Location: United States

Saturday, February 26, 2005

When City Mouse Hates Country Mouse

I just received my new copy of the Policy Studies Journal. Normally, I flip through it once and throw it in the circular file to join that mountain of garbage being shipped west to fill up the former coalmines of West Virginia. Today, however, my eye caught the last entry on the table of contents – “Jesus Loves Me, But He Can’t Stand You”.
It made me wish that I’d come up with the title enough to actually read the article. It’s actually just a reply from Kenneth Meier and Hop Sing Sabatier to their critics (elite academians do this in public letters to each other). It seems that Meier and Sabatier published an article citing country music as a prime generator of public policy ideas. It wasn’t the fact that the researchers found a rather odd place to study public policy that the critics objected to – it was the fact that they looked for it in country music.
There are two things I’d like to discuss about this article. The first is the idea of popular media giving rise to policy ideas, but that deserves its own post. The second, and the one I’ll actually talk about in this post, is the ongoing derision that anything associated with country/redneck/down-home/backwoods/rural life is, by default, less intellectual and inferior. It’s a type of prejudice that is actually not only alive and well, but seems to be pushed by both sides as the way things should be.
On the one hand, we have President George W. Bush pushing his image as a rural-style average man. Everything from his manner of speaking to his use of vacation time to clear brush on his Texas ranch portray him as a man who has simple tastes. I’ve never met the man, so I can’t say that this is a false impression. Actually, it doesn’t even matter. He is no less the President if he pitches horseshoes or hunts foxes, if he eats hamburger or foie gras.
But, it does matter, because there is no successful politician in the country that leaves any aspect of their public image to chance these days. The President pursues his image as a country-man because it suits his electorate as well as his personal taste. On the campaign trail, he often appeared in jeans or casual slacks with his tie pulled down and his sleeves rolled up. If there had been any indication that this had hurt his support, I’m sure he would have switched quickly back into the custom made suits he wears in Washington. The same is true for his manner of speech, even if some snobs sneer at his pronunciation of “nuke-you-ler”.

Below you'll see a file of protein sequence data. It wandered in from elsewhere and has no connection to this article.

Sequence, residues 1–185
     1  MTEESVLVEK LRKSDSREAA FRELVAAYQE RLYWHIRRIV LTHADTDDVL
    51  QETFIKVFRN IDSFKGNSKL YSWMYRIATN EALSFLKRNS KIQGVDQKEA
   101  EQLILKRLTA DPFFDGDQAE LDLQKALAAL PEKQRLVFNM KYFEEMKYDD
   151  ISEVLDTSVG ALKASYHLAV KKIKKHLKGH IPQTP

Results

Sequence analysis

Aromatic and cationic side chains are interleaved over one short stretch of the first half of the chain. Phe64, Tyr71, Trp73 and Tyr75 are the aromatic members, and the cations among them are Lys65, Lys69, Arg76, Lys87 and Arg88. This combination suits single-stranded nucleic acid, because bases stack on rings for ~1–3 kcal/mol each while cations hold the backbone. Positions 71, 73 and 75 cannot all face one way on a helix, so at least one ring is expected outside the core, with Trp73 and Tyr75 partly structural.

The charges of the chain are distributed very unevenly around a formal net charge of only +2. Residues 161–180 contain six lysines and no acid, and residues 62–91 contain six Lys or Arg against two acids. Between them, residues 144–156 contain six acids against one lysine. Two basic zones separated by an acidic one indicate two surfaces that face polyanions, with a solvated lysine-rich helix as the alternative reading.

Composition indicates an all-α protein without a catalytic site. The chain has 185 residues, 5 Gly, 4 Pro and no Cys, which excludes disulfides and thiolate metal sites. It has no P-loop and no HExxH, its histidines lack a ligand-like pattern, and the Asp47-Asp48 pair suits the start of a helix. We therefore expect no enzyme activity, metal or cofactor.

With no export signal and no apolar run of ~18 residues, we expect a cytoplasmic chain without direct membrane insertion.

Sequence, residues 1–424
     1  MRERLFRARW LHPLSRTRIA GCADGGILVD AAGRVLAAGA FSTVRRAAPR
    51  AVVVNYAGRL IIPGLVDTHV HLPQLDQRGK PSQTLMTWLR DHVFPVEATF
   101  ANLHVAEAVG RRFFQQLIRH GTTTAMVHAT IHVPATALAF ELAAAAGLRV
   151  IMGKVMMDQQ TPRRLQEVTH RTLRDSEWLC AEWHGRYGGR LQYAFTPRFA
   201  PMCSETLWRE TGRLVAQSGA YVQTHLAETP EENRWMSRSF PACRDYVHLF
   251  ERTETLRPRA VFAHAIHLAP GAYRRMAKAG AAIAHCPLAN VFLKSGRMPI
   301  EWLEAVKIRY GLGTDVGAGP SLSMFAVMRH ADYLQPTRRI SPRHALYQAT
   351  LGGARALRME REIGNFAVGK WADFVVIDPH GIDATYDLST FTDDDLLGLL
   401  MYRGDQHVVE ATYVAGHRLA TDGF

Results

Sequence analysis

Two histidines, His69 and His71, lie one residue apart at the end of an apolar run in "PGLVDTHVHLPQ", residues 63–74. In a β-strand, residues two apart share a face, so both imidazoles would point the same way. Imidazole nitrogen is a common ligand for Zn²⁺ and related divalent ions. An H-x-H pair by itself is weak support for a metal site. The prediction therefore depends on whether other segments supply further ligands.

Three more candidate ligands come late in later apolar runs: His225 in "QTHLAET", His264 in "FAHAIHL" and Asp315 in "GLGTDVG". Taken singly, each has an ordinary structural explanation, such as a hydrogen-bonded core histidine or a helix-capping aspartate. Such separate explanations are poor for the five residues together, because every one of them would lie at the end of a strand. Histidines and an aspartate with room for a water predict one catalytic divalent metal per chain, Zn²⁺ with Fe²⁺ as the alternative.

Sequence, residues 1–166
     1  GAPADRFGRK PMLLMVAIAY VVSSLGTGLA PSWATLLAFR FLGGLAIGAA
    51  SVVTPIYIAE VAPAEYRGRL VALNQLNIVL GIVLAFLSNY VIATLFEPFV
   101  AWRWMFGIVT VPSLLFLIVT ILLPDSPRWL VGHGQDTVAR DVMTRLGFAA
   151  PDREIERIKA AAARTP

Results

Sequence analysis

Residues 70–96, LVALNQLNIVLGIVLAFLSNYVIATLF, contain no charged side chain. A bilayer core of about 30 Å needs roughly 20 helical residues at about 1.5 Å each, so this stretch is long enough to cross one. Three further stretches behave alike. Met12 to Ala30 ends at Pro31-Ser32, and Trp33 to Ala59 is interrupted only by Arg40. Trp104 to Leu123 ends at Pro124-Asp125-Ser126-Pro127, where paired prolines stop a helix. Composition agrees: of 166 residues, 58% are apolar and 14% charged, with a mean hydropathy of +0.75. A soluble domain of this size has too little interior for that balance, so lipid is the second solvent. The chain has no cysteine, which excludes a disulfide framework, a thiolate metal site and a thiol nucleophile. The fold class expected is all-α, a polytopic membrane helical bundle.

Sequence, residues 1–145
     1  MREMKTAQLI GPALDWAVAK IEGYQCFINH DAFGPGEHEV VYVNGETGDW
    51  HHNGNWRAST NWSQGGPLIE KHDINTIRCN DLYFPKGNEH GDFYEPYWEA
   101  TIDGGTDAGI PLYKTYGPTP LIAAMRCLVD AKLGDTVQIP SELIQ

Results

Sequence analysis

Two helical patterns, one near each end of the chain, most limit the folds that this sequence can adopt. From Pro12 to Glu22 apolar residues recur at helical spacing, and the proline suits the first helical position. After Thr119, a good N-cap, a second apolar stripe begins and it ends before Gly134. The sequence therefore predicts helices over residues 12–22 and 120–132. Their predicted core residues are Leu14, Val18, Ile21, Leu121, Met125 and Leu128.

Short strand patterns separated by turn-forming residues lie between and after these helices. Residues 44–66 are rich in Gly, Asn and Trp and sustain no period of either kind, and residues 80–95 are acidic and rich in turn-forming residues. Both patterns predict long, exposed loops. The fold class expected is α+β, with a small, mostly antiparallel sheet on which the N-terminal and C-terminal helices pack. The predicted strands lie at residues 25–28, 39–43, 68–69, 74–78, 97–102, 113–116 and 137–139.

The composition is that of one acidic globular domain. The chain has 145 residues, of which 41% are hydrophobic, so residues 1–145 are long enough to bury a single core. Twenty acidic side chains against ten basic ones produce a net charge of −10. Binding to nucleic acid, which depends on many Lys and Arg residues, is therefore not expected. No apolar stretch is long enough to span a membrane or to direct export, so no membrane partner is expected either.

Think back to John Kerry’s public persona during the campaign and you find a total lack of anything remotely considered “rural”. Again, this is probably as much a function of the man’s character as it is of the management of his image to fit his supporters. This is true despite the fact that the Kerry family actually owns rural property in Montana and regularly spends time far away from the glare of city lights. The attempt to portray him as a backwoodsman in his brief hunting trip in Virginia was simply too much of a set-up to be natural. Because no part of the image fit with that event, both sides saw it as pandering for votes.
It is a prejudice that separates blue states and red states, and it serves no one. Having lived in both city and country, I can testify that both sides have valid views and equally valid, if sometimes contradictory, sets of wisdom. It can be boiled down into that part of the American spirit that was captured in the relentless push to the west – rugged individuals taming the lawless countryside through perseverance and force of will.
However, it was not only rugged individuals that settled the west – it was a sense of community. In my family, the tradition used to be that after a marriage both sides of the new family would spend the day building a house for the new couple. This tradition died out because it was simply impossible to accomplish once the free land was all gone. Anyone who has spent much time in a small farming community will have at least one story about how the whole county turned out to help bring in the crop of a sick friend.
There will always be a tension between the individual and the community. If the community gets too great a hold over the individual, creativity is stifled and people suffer. If the individual gains too great a hold over the community, then the aggregate good cannot be determined and everyone suffers. When a correct balance is struck, then everyone can move forward and improve their life without anyone getting left behind through lack of opportunity.
For such a balance to be found, however, it is necessary for both sides to understand that the other is badly needed. A farmer can no more dictate policy for New York City than a Manhattanite can tell what is best for a cotton field. Liberals spent much of the last forty years pushing for the recognition that diversity of race, religion, and gender equality grants greater strength. It’s time they realized that the same is true for valid differences in the choice of lifestyle and place.


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